Through most of World War II, Tom Treanor provided Times readers with
firsthand accounts of the battle against the Axis as his travels took
him to such places as China, South America and Europe.
This is the last story he wrote before being killed Aug. 18, 1944, when
a tank made a turn and struck his jeep on a dusty road outside a French
village that had just been liberated from the Nazis. He lived long
enough to learn that the doctor attending his wounds was from Los
Angeles: Capt. William Werner, 1402 Crenshaw Blvd. Treanor told Werner that
he was sorry he wouldn’t be able to cover the liberation of Paris.
The Times established a journalism fellowship at UCLA in his honor, but
it apparently hasn’t been awarded since 1961. He also wrote a book titled "One Damn Thing After Another," published in 1944. Treanor was buried in an Army cemetery near Le Mans.
Other Times writers killed while covering violence include: Dial
Torgerson, Honduras, 1983; Joe Alex Morris Jr., Tehran, 1979; and Ruben
Salazar, East L.A., 1970.
Note: The Times identified the village where Treanor was fatally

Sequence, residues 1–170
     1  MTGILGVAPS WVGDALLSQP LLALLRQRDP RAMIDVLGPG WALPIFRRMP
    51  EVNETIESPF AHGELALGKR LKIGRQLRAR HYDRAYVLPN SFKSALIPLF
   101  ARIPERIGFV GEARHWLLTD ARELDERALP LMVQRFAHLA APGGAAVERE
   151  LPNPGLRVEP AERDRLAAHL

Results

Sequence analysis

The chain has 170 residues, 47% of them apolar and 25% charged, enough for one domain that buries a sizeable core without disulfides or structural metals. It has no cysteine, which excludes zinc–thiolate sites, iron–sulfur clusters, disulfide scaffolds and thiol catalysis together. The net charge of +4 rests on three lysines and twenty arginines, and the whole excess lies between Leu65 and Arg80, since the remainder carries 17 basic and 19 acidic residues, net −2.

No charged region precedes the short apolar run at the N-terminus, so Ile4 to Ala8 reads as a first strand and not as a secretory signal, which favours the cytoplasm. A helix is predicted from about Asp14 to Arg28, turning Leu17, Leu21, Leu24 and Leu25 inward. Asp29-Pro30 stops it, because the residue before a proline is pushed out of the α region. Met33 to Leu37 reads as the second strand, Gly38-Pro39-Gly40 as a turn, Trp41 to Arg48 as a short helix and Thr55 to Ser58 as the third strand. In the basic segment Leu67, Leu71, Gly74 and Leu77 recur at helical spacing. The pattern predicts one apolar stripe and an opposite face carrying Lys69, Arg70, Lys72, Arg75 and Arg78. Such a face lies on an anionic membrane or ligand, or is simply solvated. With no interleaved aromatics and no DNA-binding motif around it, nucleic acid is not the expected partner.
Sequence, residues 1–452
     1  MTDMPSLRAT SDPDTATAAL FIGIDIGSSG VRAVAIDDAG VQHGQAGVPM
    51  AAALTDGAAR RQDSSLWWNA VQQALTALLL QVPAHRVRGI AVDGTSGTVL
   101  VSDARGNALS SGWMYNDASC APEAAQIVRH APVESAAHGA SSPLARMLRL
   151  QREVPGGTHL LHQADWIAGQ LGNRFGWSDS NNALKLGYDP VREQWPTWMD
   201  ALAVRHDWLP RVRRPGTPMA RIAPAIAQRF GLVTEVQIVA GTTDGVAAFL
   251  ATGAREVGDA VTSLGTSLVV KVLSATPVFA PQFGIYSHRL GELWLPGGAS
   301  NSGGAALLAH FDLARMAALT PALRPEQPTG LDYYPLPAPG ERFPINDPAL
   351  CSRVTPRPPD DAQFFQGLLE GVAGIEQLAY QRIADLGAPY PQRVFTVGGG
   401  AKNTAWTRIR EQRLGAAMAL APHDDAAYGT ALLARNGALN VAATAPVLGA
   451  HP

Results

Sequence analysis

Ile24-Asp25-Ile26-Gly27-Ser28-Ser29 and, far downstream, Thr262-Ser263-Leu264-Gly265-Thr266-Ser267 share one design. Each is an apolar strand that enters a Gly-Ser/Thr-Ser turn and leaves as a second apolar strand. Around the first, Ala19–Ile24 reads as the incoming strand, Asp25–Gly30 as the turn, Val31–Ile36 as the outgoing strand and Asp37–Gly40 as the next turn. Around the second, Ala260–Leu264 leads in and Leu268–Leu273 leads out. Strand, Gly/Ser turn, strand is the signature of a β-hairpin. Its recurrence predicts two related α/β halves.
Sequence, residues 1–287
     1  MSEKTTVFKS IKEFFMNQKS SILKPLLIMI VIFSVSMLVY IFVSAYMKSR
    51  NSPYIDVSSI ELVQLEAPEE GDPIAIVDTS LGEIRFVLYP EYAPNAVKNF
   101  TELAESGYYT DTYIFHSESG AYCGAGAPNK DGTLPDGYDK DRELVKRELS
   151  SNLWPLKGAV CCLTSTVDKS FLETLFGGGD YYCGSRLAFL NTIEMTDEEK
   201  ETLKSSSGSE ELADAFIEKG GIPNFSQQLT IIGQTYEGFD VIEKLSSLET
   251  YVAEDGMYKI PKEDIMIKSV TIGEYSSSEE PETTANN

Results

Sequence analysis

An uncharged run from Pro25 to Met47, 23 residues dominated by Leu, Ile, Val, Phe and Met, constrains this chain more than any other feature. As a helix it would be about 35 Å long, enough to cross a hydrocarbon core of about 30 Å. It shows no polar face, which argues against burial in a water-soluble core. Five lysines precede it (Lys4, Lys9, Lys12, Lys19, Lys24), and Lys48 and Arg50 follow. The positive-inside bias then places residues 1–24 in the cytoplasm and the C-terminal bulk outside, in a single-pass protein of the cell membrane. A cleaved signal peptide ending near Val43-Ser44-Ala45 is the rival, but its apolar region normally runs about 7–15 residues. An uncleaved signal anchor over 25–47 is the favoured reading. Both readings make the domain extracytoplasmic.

injured as "Eront," which cannot be located on any map of France.
Possibly it was Ermont.
I am one of Tom treanor’s sons.
Thank you for the information and article.
I never knew Tom Treanor, but during WW II I sailed on a Liberty ship named Tom Treanor. Took a load of sugar from the Dominican Republic to London and back. I understand the ship was sent to Bikini Atoll for the first atom test. I guess it rests on the bottom of the Atoll.. The ship was fitted with King Posts instead of the usual three masts. A great ship
Much thanks for the lost of the Times’ reporters and their courageous news coverage, along with the news media past and present.